In the Introduction to his 2001 book, Special Providence, American Foreign Policy and How it Changed the World, Walter Russell Mead writes:
Americans through the centuries seem to have had four basic ways of looking at foreign policy, which have reflected contrasting and sometimes complementary ways of looking at domestic policy as well. Hamiltonians regard a strong alliance between the national government and big business as the key both to domestic stability and to effective action abroad, and they have long focused on the nation’s need to be integrated into the global economy on favorable terms. Wilsonians believe that the United States has both a moral obligation and an important national interest in spreading American democratic and social values throughout the world, creating a peaceful international community that accepts the rule of law. Jeffersonians hold that American foreign policy should be less concerned about spreading democracy abroad than about safeguarding it at home; they have historically been skeptical about Hamiltonian and Wilsonian policies that involve the United States with unsavory allies abroad or that increase the risks of war.
Finally, a large populist school I call Jacksonian believes that the most important goal of the U.S. government in both foreign and domestic policy should be the physical security and the economic well-being of the American people. “Don’t Tread on Me!” warned the rattlesnake on the Revolutionary battle flag; Jacksonians believe that the United States should not seek out foreign quarrels, but when other nations start wars with the United States, Jacksonian opinion agrees with General Douglas MacArthur, that “There is no substitute for victory.”
And the author would have us believe that the “four schools” have shaped American foreign (and domestic) policies from the time of the Founding Fathers to the present. And his thesis is convincing.
William Galston, a senior fellow in Governance Studies at Brookings, and now a regular columnist for the Wall Street Journal, writes that the Tea Party is one more example of Jacksonian America (at its best, at its worst, he doesn’t say).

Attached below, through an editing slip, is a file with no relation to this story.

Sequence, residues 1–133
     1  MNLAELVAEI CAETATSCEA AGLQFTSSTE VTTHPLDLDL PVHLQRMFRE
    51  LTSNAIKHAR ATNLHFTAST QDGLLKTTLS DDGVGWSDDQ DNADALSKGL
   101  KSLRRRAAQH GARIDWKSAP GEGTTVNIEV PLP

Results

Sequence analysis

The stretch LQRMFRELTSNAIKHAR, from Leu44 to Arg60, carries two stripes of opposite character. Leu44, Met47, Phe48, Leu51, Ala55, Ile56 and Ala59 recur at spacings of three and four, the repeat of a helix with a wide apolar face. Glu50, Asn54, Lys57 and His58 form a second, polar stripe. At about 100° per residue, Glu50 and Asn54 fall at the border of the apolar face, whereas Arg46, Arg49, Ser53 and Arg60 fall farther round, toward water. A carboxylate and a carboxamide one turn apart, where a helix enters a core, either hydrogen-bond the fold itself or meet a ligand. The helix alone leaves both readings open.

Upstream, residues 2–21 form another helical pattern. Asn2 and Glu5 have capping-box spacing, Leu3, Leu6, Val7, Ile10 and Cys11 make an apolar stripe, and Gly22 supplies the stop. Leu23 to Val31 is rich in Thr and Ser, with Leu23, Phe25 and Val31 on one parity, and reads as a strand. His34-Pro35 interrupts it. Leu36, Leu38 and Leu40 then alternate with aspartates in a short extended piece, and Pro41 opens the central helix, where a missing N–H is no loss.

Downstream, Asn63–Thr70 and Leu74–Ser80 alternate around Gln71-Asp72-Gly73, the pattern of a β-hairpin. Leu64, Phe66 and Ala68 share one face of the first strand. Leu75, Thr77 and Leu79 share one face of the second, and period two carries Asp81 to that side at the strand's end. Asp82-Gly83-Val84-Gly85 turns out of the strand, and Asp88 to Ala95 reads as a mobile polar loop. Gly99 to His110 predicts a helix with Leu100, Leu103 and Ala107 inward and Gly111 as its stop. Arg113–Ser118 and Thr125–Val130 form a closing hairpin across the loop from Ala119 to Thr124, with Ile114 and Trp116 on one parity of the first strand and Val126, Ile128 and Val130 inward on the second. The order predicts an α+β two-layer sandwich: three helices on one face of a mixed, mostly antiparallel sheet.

“The tea party is Jacksonian America, aroused, angry and above all fearful, in full revolt against a new elite—backed by the new American demography—that threatens its interests and scorns its values.”
Now of the four currents of which Mead speaks two, the Jeffersonian and Wilsonian, seem to be owned by the Democratic Party, and two, the Hamiltonian and Jacksonian, by the Republicans. I would agree with the prominent place of the Hamiltonian current in the Republican Party, and have myself, for most of my lifetime, considered the Republicans as the Party of the business classes.
But this, being the party of business, it seems, is no longer enough. In fact it may even be incorrect as the now growing Republican opposition to Wall Street, if not Main Street, suggests. For there are a growing number of Republicans, still within the Party, but wanting to be something else, something in addition to being defenders and promoters of corporate America.
These Republicans call themselves Tea Partiers, and while doing so seem to be really staking their claim on Jacksonian America, on what they see as an earlier time when self-reliance, individualism, loyalty and courage and all such (read John Wayne and Ronald Reagan) held sway.
And while they will tell you they care about the First Amendment they obviously care passionately about the Second, this more than anything else perhaps, putting them at odds with the Democrats, and with much of the country.